“Tinkers”: Synge and the Cultural History of the Irish Traveller (Oxford University Press, 2009). By the Irish Cultural Revival, the tinker represented bohemian, pre-Celtic aboriginality, a cultural nationalist counter to the Victorian Gypsy mania. Misunderstood as a portrayal of actual Travellers, J.M. Synge's The Tinker's Wedding was pivotal to this "Irishing" of the tinker, even as it acknowledged that figure's cosmopolitan textual roots in early modern European "rogue literature." Synge's empathetic depiction is examined, as are the many subsequent representations that looked to him as a model to subvert or emulate. By contrast, post-independence (post-1920s) cultural productions portrayed tinkers as alien interlopers, while contemporaneous Unionists labelled them a contaminant from the hostile South. However, after Travellers politicized in the 1960s, more even-handed depictions queried the "tinker" fantasy, shaping contemporary screen and literary representations of Travellers and prompting Traveller creatives to transubstantiate Otherness into the empowering rhetoric of ethnic difference. Though its Irish equivalent has oscillated between idealization and demonization, US racial history facilitates the cinematic figuring of the Irish-American traveler as lovable "white trash" rogue.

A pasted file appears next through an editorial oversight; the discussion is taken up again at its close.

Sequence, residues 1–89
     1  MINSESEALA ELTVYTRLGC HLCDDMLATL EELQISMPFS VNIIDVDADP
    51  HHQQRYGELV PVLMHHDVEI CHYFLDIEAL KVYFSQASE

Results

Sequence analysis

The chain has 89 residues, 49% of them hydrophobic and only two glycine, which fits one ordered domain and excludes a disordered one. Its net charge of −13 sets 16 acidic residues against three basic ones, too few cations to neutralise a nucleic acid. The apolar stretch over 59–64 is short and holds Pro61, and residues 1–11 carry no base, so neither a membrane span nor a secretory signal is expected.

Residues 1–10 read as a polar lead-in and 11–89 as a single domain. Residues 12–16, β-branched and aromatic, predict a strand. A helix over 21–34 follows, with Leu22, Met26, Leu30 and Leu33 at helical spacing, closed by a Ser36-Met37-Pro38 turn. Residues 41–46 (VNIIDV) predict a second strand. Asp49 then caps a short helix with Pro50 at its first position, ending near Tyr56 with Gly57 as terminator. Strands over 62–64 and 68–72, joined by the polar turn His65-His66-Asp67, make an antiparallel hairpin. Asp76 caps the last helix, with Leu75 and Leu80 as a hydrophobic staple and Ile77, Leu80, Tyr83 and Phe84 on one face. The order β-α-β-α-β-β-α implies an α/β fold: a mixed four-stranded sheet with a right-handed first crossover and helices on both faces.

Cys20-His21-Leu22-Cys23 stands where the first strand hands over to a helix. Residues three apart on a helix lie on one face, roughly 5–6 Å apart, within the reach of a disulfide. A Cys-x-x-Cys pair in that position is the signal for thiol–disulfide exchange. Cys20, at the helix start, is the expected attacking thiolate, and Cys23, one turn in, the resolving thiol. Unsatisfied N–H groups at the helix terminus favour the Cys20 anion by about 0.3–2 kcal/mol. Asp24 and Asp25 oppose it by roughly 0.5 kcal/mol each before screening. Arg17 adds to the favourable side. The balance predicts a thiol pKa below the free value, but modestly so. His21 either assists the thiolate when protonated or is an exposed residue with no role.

Mary M. Burke, “Unfettered: Irish Traveller Children.” Forward to photographer Jamie Johnson’s Growing Up Travelling. Kehrer Verlag Art & Photography, Heidelberg, Germany. September 2020.
(Excerpt) “Empathetic visual representations of the Irish Traveller ethnic minority community emerged with the work of Irish-born American photographer Alen MacWeeney in the 1960s. In light of Traveller girls’ obsession with self-presentation, captured so sensitively by Johnson, it is notable that MacWeeney made his name as a fashion photographer. Johnson builds upon such precedents to gift us with her insight into Traveller children’s lives in the twenty-first century.”